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Syria blasts Aleppo from above

8:19 AM, Oct 4, 2012   |    comments
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ALEPPO PROVINCE, SYRIA -- The Syrian government's army has been driven out of many areas in this province, a stronghold of the opposition forces arrayed against Syrian leader Bashar Assad.

Even so, it would be a mistake to call this a liberated zone. Unable to make much headway on the ground, the Syrian air force is hitting back with increasing ferocity, dropping bombs from planes and helicopters and chasing the civilians who are trying to get out of the war.

Abu Muhammad left Aleppo when the Free Syrian Army stormed the city. He says he believed he was escaping the air bombardments in a refugee camp near the Turkey border.

"We run out when we hear the helicopters. There is nowhere safe in Syria, but the situation in the camps in Turkey is also very difficult. We are staying here until the battle stops," he says.

Wednesday, Turkey struck back. According to the Turkish prime minister's office, Turkish artillery fired on Syrian targets after deadly shelling from the Syrian side hit a Turkish border, killing five people.

"Our armed forces at the border region responded to this atrocious attack with artillery fire on points in Syria that were detected with radar, in line with the rules of engagement," the Turkish government said in a statement.

In Aleppo, three suicide bombers detonated cars packed with explosives in a government-controlled area, killing at least 34 people, leveling buildings and trapping survivors under the rubble, state TV said.

The Syrian government's increased use of fighter jets to strike civilian areas has led to a dramatic rise in the death toll in recent months and sent a flood of refugees to Turkey's border.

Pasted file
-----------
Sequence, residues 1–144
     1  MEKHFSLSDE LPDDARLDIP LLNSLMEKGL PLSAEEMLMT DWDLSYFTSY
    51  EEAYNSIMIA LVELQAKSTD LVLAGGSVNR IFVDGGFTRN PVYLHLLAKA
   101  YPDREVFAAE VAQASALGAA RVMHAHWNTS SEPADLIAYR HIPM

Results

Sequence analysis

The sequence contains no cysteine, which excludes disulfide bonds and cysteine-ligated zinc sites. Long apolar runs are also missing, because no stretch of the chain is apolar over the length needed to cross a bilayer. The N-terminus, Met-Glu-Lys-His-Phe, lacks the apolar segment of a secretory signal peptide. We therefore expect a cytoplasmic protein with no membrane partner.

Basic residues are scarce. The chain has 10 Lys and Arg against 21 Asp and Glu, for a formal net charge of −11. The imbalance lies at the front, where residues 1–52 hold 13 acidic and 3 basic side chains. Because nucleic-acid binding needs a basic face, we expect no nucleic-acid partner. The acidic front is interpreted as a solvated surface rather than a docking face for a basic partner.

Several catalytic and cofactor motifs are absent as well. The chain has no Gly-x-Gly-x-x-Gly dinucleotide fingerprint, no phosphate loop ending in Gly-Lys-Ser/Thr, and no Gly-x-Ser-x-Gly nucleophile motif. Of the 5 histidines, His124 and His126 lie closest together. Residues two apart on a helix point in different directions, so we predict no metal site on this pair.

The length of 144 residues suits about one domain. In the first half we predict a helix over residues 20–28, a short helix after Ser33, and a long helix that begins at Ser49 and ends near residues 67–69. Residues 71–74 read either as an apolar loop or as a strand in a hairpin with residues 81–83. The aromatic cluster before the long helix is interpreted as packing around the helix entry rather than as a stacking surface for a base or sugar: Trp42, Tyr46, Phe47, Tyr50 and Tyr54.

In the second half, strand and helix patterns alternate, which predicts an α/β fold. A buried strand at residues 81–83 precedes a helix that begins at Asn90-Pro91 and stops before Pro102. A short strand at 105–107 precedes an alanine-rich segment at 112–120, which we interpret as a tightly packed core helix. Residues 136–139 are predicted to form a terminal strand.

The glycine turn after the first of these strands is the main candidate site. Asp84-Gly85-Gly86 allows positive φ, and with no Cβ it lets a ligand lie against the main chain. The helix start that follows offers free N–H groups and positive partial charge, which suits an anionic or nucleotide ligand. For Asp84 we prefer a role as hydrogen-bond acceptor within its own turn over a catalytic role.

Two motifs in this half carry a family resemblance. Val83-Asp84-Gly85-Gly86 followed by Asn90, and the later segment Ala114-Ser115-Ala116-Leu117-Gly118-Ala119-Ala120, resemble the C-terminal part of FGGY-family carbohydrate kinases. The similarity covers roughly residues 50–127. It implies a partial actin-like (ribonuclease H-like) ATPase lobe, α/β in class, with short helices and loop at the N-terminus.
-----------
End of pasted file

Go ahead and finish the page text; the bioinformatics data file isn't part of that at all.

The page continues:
Warplanes dump bombs that can blow up whole buildings or strafe people with automatic weapons fire. August was the deadliest month in the conflict. Activist groups report about 5,000 deaths.

Amnesty International found that 166 civilians, including 48 children and 20 women, had been killed and hundreds wounded in "indiscriminate" airstrikes in the first half of September in 26 towns and villages in the Idlib, Jabal al-Zawiya and north Hama regions in northern Syria.

The rebels have tried to hit back at the airfields to prevent the aircraft from taking off. One such facility, the Menagh military airfield, lies within rebel-held territory, a few miles north of Aleppo.

"It's a fortress," says Abu Ahmed, a coordinator for the FSA, as he points at the high-walled airfield in the distance. "We have tried many times to take it. Any fighter who has a good idea about how to take it gets to try it out - no matter how crazy it sounds.

Mahmoud al-Sayad, a business owner before the conflict started, lives close enough to hear the jets taking off from Menagh. He has lost one son to the war; his other son is away fighting with the FSA.

"The aim of the airstrikes is to break the will of the people," he says. "Every day more bombs come. What can we do? They didn't bomb Israel this much."

The Syrian air force has close to 400 combat aircraft in service and 70 attack helicopters, many supplied by Russia.

The lightly armed rebels have had success going against Assad's ground forces but say they are powerless against the air supremacy enjoyed by the regime.

They say that if the international community enforced a no-fly zone as was done in Libya, they could prevail. The Obama administration has refused the request, saying it would widen the conflict.

Robert Danin, a senior fellow for Middle East and Africa studies at the Council on Foreign Relations in Washington, doesn't see the political will for a no-fly zone.

"There seems to be very little support within the international community for military intervention in Syria of any sort," says Danin, a former State Department official. "It is tragic."

The anti-Assad fighters in Syria are angry at what they see as hand-wringing and little action.

Promised small arms and communication equipment have not appeared, they say.

"Just give us some Stingers at least," Abu Ahmed says with a frustrated laugh, referring to shoulder-fired anti-aircraft missiles. "We will take care of the rest."

Abu Muhammad, 61, waits to return home while living in an abandoned school with his family, which includes three grandchildren. Seventeen others share the space in one of the dusty villages on the road heading north from Aleppo.

He asks one of his grandsons, Khaled, 12, to lift up his shirt.

The boy shows off a scar that runs in a straight line up from his belly button to the bottom of his ribcage - the result of a piece of shrapnel from an airstrike.

"We have suffered a lot," Abu says quietly.

Associated Press

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